On March 11 the federal minister of Natural Resources, our very own Seamus O’Regan, announced Canada’s list of 31 critical minerals (not to quibble, but they are really elements; minerals are composed of elements).
Other G-7 nations and the European Union have developed their own sets of critical minerals. For example, the U.S. has 35 minerals deemed critical to U.S. security and economy, and the EU defines a list 30 critical raw materials.
Basically, they are minerals modern societies require to function; the federal government’s designation reflects its concern regarding the security of their supply. COVID-19 has only heightened these concerns by exposing weaknesses in global supply chains.
The destruction wrought by COVID-19 has also led some governments to re-imagine their societies with clean, carbon-neutral futures based on massive, generational, infrastructure refurbishments that have a green bent.
Critical materials are in great demand for this global restructuring. On top of this, major high-tech industries (e.g., Tesla), are demanding that the critical minerals they consume are ethically sourced.
To be deemed ethical, mines that supply these commodities must treat their workers well, use best environmental practices and obey national/international laws.
“The entire province is fertile with critical mineral resources.”
What has this to do with our place in the foggy North Atlantic, you may ask? Potentially plenty.
First, to put Newfoundland and Labrador in perspective, we have a continent-scale geology. Labrador constitutes the eastern edge of the Canadian Shield and the island is the northeastern terminus of the Appalachian Mountain belt.
The Earth is about 4.55 billion years old. We have evidence of rocks dating back to 3.9 billion years on the north coast of Labrador, the offshore oil fields are as young as 66 million years, and don’t forget all that till from 10,000-year-old glaciers that covers our landscape and backyard gardens.
We don’t have a continuous rock record through to that 3.9-billion-year period, but we do have examples of almost all types of mineral deposits found on the planet. Again, all in Newfoundland and Labrador!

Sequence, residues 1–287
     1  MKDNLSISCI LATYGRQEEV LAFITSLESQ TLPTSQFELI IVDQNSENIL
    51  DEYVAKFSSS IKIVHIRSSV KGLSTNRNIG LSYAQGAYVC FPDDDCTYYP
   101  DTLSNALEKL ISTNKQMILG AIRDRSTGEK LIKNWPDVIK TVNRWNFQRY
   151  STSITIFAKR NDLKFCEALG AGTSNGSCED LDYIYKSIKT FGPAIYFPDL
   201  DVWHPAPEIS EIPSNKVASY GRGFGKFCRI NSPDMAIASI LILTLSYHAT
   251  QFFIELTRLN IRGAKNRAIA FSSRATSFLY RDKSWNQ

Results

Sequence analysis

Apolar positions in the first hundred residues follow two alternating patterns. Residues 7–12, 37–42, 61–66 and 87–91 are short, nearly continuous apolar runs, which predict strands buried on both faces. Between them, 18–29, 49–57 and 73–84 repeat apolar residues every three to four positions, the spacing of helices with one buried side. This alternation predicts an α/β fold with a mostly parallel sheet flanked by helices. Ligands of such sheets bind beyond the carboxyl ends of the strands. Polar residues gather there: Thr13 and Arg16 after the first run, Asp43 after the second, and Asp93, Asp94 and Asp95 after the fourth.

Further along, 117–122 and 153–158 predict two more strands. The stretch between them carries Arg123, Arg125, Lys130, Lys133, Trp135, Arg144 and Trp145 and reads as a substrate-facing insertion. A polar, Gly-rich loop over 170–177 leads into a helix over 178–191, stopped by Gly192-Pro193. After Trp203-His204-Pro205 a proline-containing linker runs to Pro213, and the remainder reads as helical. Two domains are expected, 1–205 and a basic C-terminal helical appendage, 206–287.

There are world-class iron and nickel mines and rare earth elements (REE) deposits in Labrador. The entire province is fertile with critical mineral resources.
“We will need some serious investments in science, technology and human resources to aid the mining industry.”
We have deposits of most, if not all, of the minerals on Canada’s list, somewhere, at some size. (It must be noted that not all of these local occurrences will be economically, or otherwise, feasible to mine.)
We also have strong labour and environmental regulations which allows us to tick that ethical mineral box.
But for the province to upscale and become a key deliverer of critical minerals, we will need some serious investments in science, technology and human resources to aid the mining industry. And, because of financial restraints, we will have to do it collaboratively and efficiently.
Most mineral deposits exposed at the Earth’s surface have been found; new resources yet to be extracted are hidden in buried bedrock.
To find and develop these concealed critical minerals, mine operators require new, as-yet undeveloped technologies.
Essentially, we need to create techniques to “see” through the overlying rock/sediment/vegetation/water cover. We also need to invent procedures to cleanly process critical minerals from new, and known, unworked deposits.
Our post-secondary institutions have had some success in these endeavours. At Memorial, the Department of Process Engineering has developed groundbreaking (pun intended) applications, including narrow-vein mining.
Researchers in Memorial’s Department of Earth Sciences and CREAIT developed exploration techniques for the study of indicator minerals in surficial sediments like tills and gravels that can be used to “vector” back towards buried mineralization.
The Mining Innovation Network at the College of the North Atlantic (CNA) developed a top-of-the-line hyperspectral analytical facility that can examine old drill core to find new mines and use drones to explore for mineral deposits and to monitor mines and tailings sites.
The Newfoundland and Labrador geological and Canadian geological surveys, containing many of our alumni, laid the groundwork for mineral exploitation through the provision of baseline geology maps and resource evaluations.
To venture into the new world of critical mineral production, industry will need backup from our post-secondary institutions.
To provide that support, we will need to consolidate and focus our efforts, through, for example, the development of an Institute of Natural Resources that would be a collaborative venture between Memorial University, CNA, the provincial government and industry.
Such an institute should not focus solely on mineral exploration and development, but also conduct research on, and training for, some of the broader tangential topics associated with the “life of mine”: meaning, all aspects of the mine from exploration through to development and production, to de-commissioning and reclamation.
There would be much meaningful employment for a wide range of people from throughout our province in this global critical minerals network.
Will we avail of this, perhaps once-in-a century, opportunity to use our natural and human resource endowments to join a future sustainable and green world?